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Autonomous or Self-Driving?

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POSTED BY KAREN WOJCIK BERNER


Every Wednesday, Editing for Grammarphobes 2.0 features handy tips to enhance all of our writing, from daily emails to articles to books. After all, everyone needs to write, right?





The terms self-driving and autonomous are batted around indiscriminately, but is either word accurate for describing the next generation of automobiles?

First, I wanted to see what the auto industry itself says. I came upon a blog called Tech Pats that has a great list of the NHTSA Federal Automated Vehicle Policies adapted from the Society of Automotive Engineers (SAE) international guidelines. Their list easier to read for novices, like myself, who don’t get into the technical jargon and layers upon layers of regulations for these sort of vehicles. If you’d like to delve into the full details, here’s the SAE website.  

The first level begins with systems presently on our vehicles that assist drivers, such as blind-spot detection. Level 2 adds some automation to help in actual dri…

Opiate or Opioid: What's the Difference?

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POSTED BY KAREN WOJCIK BERNER


Every Wednesday, Editing for Grammarphobes 2.0 features handy tips to enhance all of our writing, from daily emails to articles to books. After all, everyone needs to write, right?





Unfortunately, we’ve heard the terms opiate and opioid far too much in the United States. More than two million Americans are dependent on or abuse prescription painkillers and street drugs, according to a recent CNN Report. There were more than 72,000 U.S. overdose deaths in 2017. Of those, the Centers for Disease Control and Prevention estimates 49,068 of those involved opioids. More than 130 people died per day due to opioid-related drug overdoses in both 2016 and 2017.

While a terrible thing to write about, we also must make sure to use the correct terms.

Do you know the difference between opiate and opioid?

Opiate refers to drugs naturally derived directly from the flowering opium poppy plant, such as heroin, morphine, and codeine, according to both the Center on Addiction a…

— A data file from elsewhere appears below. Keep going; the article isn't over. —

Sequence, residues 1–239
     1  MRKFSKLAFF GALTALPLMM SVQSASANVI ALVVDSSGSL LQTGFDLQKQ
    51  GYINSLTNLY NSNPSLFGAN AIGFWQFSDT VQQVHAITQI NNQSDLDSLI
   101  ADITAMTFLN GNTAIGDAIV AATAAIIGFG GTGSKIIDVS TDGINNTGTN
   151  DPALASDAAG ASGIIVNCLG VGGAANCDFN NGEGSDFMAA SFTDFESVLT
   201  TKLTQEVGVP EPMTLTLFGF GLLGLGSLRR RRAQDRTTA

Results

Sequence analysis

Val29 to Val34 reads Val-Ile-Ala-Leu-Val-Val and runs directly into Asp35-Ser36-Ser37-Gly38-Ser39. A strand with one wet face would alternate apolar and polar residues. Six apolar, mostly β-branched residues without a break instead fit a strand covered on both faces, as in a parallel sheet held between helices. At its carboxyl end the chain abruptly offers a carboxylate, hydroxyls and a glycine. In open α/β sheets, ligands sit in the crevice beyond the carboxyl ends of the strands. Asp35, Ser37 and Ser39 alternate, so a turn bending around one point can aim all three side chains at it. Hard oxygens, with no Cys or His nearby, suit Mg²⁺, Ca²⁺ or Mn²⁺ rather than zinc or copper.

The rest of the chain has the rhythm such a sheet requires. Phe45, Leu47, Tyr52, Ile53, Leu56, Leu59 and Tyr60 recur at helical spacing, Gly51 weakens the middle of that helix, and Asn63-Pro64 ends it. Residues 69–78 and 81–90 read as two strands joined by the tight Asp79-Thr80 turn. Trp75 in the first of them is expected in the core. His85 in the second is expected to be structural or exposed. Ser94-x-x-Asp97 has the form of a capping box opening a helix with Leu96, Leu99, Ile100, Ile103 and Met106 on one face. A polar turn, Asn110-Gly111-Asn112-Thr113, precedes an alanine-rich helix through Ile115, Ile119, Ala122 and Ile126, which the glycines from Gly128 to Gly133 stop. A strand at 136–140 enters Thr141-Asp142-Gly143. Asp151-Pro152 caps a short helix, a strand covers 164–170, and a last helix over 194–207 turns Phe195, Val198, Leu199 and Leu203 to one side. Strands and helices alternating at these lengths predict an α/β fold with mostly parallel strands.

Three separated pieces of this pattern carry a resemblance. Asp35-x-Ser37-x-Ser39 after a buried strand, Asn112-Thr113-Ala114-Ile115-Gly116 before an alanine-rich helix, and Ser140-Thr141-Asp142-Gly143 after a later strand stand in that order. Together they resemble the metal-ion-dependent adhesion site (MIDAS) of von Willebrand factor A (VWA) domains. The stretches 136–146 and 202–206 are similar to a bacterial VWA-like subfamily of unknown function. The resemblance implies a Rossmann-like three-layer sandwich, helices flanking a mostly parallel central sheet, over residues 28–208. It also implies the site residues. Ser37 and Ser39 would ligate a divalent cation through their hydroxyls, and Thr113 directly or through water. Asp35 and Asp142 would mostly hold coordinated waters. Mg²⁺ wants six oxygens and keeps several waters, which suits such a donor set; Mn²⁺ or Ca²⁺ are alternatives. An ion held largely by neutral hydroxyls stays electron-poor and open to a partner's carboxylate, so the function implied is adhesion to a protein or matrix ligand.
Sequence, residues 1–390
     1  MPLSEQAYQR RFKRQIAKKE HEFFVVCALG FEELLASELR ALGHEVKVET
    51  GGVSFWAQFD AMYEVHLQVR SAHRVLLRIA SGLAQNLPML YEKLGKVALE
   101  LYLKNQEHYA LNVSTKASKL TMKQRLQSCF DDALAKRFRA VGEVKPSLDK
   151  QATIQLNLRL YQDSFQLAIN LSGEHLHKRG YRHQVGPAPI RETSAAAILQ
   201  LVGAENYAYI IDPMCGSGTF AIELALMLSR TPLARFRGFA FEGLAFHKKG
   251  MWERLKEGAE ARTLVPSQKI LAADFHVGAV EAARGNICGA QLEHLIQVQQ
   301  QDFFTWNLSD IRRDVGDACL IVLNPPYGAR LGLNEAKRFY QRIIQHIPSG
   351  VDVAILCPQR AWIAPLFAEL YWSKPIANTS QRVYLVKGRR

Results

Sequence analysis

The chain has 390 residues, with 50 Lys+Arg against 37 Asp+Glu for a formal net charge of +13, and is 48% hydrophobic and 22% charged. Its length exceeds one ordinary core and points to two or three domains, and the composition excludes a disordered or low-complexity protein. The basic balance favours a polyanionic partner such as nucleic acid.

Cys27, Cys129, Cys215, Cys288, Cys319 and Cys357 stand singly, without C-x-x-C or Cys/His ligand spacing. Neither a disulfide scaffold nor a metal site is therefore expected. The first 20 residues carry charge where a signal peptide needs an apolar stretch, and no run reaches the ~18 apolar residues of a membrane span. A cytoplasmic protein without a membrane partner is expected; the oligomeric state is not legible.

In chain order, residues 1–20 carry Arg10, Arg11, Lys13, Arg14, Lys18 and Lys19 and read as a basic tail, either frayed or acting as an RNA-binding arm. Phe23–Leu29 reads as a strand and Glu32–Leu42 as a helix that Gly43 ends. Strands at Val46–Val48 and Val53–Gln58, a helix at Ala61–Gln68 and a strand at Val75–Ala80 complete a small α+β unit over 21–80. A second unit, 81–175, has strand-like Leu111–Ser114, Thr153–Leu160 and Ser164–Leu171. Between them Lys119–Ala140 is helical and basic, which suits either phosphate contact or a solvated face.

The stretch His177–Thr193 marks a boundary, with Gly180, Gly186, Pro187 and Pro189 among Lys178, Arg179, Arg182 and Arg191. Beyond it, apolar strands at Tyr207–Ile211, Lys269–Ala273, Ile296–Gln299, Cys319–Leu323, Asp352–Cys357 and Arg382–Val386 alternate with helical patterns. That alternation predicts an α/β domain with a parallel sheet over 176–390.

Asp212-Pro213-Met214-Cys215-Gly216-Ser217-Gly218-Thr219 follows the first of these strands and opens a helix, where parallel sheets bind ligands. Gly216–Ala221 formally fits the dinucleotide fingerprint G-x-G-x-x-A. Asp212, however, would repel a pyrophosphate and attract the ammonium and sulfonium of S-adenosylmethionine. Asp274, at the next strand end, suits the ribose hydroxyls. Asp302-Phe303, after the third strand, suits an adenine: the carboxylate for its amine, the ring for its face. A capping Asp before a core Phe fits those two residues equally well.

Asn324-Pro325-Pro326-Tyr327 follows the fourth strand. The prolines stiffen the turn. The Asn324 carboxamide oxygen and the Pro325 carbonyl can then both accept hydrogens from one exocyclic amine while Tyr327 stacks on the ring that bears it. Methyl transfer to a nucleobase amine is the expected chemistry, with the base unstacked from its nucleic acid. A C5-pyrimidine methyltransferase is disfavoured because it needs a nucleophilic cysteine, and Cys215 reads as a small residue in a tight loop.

Using 'They' and 'Them' as Singular Pronouns

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POSTED BY KAREN WOJCIK BERNER


Every Wednesday, Editing for Grammarphobes 2.0 features handy tips to enhance all of our writing, from daily emails to articles to books. After all, everyone needs to write, right?

I have to admit that it has taken me some time to get used to using they and them as singular pronouns, probably because I was looking at the issue through a grammar nerd, cisgendered, heterosexual lens, rather than the one I should have been focused on, which is inclusivity.

Gender-neutral language makes a lot of sense. It’s easier, more efficient, and can help avoid unnecessary awkwardness. And for those of you mired in old rules, like I was, there is actually evidence of its use as far back as the 1300s.

Here’s what some of the major grammar sources have to say about using they and them as singular pronouns.

Merriam-Webster notes that while “English lacks a common-gender, third person singular pronoun that can be used to refer to indefinite pronouns (such as everyone, anyone, som…

Thanksgiving Wishes

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POSTED BY KAREN WOJCIK BERNER
Every Wednesday, Editing for Grammarphobes 2.0 features handy tips to enhance all of our writing, from daily emails to articles to books. After all, everyone needs to write, right?
This post originally ran on November 23, 2016.



I tried to find grammar issues with Thanksgiving words, but there are very few besides cornucopia, which is spelled with a surprising “u,” and that the plural of potato takes an “e,” so it is potatoes